Niger - China - wildlife - oil

Niger shrinks major reserve to allow for Chinese oil

A view of antelopes from above in the Termit Tin-Toumma Nature Reserve in Niger
A view of antelopes from above in the Termit Tin-Toumma Nature Reserve in Niger © Sahara Conversation Fund and Contributors/Thomas Rabeil

Environmental activists have started a petition to stop the Niger government from moving the boundaries of the African continent’s largest nature reserve to honour an oil deal with China.


"We launched this petition last Wednesday because the Niger government adopted in June a redefinition project of the reserve, which is really threatened by the oil exploitation of a Chinese company," Hamadou Soumana, a member of the Niger Young Volunteers for the Environment (NYVE) civil society organisation, told the Agence France Press newswire.

Soumana is referring to the Termit and Tin Toumma reserve in eastern Niger, home to 130 species of birds and 17 types of mammals, including the dama gazelle, Saharan cheetah, bighorn sheep, and addax antelope, according to the Niger Environmental Services.

The University of Niamey has logged some 100 different plant varieties there as well.

The petition warns that the reclassification for China of Africa’s largest nature reserve, created in 2012, will cause “China [to] destroy Africa’s biodiversity with impunity.”

The online petition has 31,000 signatures as of press time.

In June, a council of ministers decided to move the boundaries of the reserve, which currently is situated across the regions of Agadez in the north, Zinder in the centre-south, and Diffa in the southeast.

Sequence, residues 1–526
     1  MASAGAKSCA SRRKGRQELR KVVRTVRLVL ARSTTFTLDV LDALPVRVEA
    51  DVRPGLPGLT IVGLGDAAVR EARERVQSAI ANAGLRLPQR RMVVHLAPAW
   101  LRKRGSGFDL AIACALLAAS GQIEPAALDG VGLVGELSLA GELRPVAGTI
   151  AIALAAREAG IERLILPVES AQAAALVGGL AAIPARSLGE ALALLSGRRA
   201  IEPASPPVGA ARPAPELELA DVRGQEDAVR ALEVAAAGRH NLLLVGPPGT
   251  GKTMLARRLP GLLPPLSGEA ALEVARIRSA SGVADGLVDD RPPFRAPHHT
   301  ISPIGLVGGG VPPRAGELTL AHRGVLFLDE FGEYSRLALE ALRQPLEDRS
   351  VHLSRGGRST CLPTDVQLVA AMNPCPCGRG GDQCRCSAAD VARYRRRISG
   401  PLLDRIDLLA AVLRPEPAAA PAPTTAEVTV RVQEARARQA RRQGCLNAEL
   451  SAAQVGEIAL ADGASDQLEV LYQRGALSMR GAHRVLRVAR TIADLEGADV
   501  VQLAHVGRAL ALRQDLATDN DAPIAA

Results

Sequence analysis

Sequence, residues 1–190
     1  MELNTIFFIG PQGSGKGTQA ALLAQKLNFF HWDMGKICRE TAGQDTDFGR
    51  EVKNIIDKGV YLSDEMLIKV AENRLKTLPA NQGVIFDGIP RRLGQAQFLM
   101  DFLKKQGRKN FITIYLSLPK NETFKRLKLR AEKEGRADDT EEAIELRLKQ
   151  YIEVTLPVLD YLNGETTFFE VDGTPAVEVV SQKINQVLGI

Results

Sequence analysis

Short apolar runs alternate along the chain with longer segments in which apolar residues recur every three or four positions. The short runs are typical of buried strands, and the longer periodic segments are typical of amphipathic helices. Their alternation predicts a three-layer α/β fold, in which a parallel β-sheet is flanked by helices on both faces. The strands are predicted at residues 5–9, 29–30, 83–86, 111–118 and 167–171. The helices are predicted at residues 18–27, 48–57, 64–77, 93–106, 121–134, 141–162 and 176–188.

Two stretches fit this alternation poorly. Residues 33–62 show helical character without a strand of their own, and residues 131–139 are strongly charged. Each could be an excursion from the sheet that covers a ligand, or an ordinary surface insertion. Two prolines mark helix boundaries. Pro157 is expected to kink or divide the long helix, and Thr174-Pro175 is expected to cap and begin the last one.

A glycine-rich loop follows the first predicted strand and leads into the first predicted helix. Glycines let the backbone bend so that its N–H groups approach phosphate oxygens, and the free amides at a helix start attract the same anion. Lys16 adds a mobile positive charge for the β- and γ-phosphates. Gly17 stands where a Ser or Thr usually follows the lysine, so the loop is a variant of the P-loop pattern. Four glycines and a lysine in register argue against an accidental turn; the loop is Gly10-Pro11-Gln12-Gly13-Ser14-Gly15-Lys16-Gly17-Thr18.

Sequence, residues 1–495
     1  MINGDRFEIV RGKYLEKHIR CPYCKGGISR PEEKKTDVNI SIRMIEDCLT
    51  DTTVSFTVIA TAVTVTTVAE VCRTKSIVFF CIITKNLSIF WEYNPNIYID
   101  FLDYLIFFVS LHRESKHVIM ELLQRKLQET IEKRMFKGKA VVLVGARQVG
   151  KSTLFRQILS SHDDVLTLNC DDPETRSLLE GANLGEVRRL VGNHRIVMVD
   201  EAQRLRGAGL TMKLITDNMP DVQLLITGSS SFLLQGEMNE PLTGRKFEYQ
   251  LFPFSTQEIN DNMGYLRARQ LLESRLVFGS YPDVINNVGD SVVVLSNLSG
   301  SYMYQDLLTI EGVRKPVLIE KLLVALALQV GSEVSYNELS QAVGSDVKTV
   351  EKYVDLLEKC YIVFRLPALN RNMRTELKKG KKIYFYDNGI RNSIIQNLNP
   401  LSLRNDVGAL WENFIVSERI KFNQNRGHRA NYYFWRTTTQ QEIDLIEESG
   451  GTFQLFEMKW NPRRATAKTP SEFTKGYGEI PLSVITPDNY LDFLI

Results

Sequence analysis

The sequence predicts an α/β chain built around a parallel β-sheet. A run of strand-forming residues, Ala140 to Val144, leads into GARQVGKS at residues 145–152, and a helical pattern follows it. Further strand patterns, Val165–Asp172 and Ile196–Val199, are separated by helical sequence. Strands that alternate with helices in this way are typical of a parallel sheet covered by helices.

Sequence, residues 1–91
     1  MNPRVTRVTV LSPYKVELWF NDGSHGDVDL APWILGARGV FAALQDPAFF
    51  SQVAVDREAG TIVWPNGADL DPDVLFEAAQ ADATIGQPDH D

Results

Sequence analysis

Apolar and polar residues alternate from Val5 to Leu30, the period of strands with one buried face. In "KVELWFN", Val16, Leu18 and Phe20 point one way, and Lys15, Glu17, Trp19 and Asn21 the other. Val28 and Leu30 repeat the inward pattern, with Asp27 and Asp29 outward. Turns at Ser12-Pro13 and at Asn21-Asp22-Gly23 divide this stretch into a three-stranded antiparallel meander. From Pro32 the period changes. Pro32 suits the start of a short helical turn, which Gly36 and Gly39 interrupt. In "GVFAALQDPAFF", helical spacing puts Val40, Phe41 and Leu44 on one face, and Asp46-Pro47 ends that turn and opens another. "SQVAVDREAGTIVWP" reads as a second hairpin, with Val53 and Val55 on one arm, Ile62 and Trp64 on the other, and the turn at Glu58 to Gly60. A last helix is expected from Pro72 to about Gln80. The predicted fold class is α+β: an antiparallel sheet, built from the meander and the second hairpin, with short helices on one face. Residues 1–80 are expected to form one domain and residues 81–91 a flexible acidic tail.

Endangered species under threat

This was carried out in order to "comply with the production sharing contract" that Niger signed with the China National Petroleum Corporation (CNPC) four years earlier, according to a statement released by the council.

"Part of the perimeter [of the reserve] encroaches on the Agadem oil blocks attributed to CNPC". While its "boundaries will be displaced…the reserve will maintain the same area of ​​96,560 km2," according to the Nigerien government.

French non-governmental environmental organisation Noé, which was given the 20-year mandate by the government to manage the reserve, disagrees with the government statement.

This decision "excludes nearly 45,000 km2 of the protected area," it said on its website, adding that "this decommissioning would result in the disappearance of some highly endangered species, such as the addax" antelope.

Neocolonialism fears

It said that the 21 oil wells the CNPC are carrying out oil exploration on are in the reserve, which is crossed by a pipeline of more than 100 kilometres.

“It is time to reject this new form of neo-colonialism, which destroys the environment and local populations,” according to the online petition.

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